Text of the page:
TALLINN - The spread of digital technologies into all areas of life has been accompanied by a global surge in the volume of data by economies and societies, and Estonia could be a pioneer in helping countries in the European Union adapt to this process, according to the latest report by the Estonian Foresight Center.
"The rate at which data traces are left in the digital environment in the course of day-to-day life grew tangibly as a result of the coronavirus crisis as in addition to digital communication and shopping, the area also saw emerge digital learning and teleworking," Tea Danilov, head of the Foresight Center, said in a press release. The next data surge in everyday life will be caused by home appliances being connected to the internet, which will arrive with the spread of 5G technology-based data networks.
"More and more data is added at an expedited pace -- the added volume of data per year is doubled within the following three years," Danilov said.
Expert at the Foresight Center Johanna Vallistu said that data is an increasingly extensive source of added value but the majority of highly useful data belongs to major technology companies.
"For the European Union, it is definitely one of the most complicated aspects of coping with the surge in the volume of data because the starting point for Europe is that data about a person belongs to the person themselves. At present, no business models based on this principle that everyone controls the data about themselves have proven successful in the market, however. Therefore, the future remains quite undecided," Vallistu noted.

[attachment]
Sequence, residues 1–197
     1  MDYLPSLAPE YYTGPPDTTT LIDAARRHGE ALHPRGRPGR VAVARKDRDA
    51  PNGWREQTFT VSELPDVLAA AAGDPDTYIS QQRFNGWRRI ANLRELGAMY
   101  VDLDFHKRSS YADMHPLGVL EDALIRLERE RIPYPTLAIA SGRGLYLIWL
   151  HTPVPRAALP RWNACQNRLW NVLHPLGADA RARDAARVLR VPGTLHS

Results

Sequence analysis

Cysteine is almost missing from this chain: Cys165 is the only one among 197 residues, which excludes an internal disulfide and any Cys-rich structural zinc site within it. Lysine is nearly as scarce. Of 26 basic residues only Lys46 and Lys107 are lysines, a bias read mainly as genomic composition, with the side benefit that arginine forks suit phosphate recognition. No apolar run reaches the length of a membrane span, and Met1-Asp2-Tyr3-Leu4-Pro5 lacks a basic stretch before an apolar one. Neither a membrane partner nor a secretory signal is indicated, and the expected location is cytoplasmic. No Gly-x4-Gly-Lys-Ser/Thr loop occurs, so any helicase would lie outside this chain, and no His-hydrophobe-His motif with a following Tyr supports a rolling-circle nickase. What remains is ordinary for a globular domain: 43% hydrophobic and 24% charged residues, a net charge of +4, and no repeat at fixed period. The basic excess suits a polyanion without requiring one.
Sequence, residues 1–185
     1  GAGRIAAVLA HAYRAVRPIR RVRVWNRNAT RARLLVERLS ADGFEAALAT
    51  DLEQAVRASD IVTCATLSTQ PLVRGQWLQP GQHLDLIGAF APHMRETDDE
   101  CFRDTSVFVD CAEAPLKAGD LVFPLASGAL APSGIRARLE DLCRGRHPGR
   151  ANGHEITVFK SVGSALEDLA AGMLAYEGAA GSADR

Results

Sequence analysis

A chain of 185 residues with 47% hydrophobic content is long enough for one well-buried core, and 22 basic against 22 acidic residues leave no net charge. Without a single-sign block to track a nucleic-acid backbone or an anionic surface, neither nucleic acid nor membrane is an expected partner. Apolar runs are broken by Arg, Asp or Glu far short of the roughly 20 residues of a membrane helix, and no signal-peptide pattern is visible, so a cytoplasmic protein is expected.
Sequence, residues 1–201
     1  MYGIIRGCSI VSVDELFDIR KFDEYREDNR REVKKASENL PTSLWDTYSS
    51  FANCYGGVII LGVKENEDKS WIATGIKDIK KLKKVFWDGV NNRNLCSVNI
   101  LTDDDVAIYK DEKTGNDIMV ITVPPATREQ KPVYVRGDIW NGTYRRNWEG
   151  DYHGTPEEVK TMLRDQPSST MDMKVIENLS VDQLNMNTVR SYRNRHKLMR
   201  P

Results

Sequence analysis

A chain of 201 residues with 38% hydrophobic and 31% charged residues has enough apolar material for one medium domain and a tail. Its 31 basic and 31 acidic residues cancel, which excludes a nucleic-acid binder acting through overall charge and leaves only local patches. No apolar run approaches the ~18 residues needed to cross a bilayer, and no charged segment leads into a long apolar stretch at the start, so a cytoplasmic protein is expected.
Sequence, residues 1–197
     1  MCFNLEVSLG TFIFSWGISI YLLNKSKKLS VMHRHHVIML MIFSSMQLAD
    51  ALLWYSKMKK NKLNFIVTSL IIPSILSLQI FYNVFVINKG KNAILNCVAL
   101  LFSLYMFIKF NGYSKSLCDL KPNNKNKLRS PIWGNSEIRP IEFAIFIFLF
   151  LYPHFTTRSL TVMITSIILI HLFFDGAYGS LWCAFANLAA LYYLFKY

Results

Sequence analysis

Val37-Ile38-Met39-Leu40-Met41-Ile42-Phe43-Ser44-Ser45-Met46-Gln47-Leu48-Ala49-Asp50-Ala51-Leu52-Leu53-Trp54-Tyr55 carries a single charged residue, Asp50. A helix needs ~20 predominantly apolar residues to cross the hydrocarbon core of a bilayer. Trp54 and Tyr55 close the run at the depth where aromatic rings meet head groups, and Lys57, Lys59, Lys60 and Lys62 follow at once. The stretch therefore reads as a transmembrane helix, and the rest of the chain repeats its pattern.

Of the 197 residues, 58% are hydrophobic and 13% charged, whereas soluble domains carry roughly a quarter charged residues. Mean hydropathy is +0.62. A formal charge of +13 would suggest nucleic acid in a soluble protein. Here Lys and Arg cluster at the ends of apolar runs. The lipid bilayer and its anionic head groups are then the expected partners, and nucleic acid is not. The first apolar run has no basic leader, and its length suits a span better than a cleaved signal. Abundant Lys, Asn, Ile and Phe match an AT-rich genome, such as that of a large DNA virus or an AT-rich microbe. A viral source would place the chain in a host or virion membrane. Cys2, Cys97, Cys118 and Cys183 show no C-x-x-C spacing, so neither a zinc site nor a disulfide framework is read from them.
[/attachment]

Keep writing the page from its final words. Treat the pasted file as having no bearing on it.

The expert noted that a possible solution is improving the data competence of the society and empowering individuals to manage the data about themselves.
"For example, the report points out an option to create data associations that would represent the data sharing rights of large numbers of people similarly to organizations handling the copyrights of creative persons. If we could roll out a functional model like this in Estonia, we might be able to repeat our success story with e-residency in the field of data," she said. At present, balance is still being sought in the European Union between data protection and economic development, according to Vallistu.
Considering that consistent data traces are being left by the activities of people, businesses, machines and even the nature, the environmental footprint of data has begun growing as well, according to the report. The global carbon emissions by cloud services used for storing data total 2.5-3.7 percent, exceeding that by aviation, which is close to 2.4 percent.
"According to some prognoses, the share of the data industry will account for some 21 percent of the global consumption of electricity by 2030," Vallistu said. "States are faced with the dilemma if and how it is possible to simultaneously develop the data economy as well as care for the environment."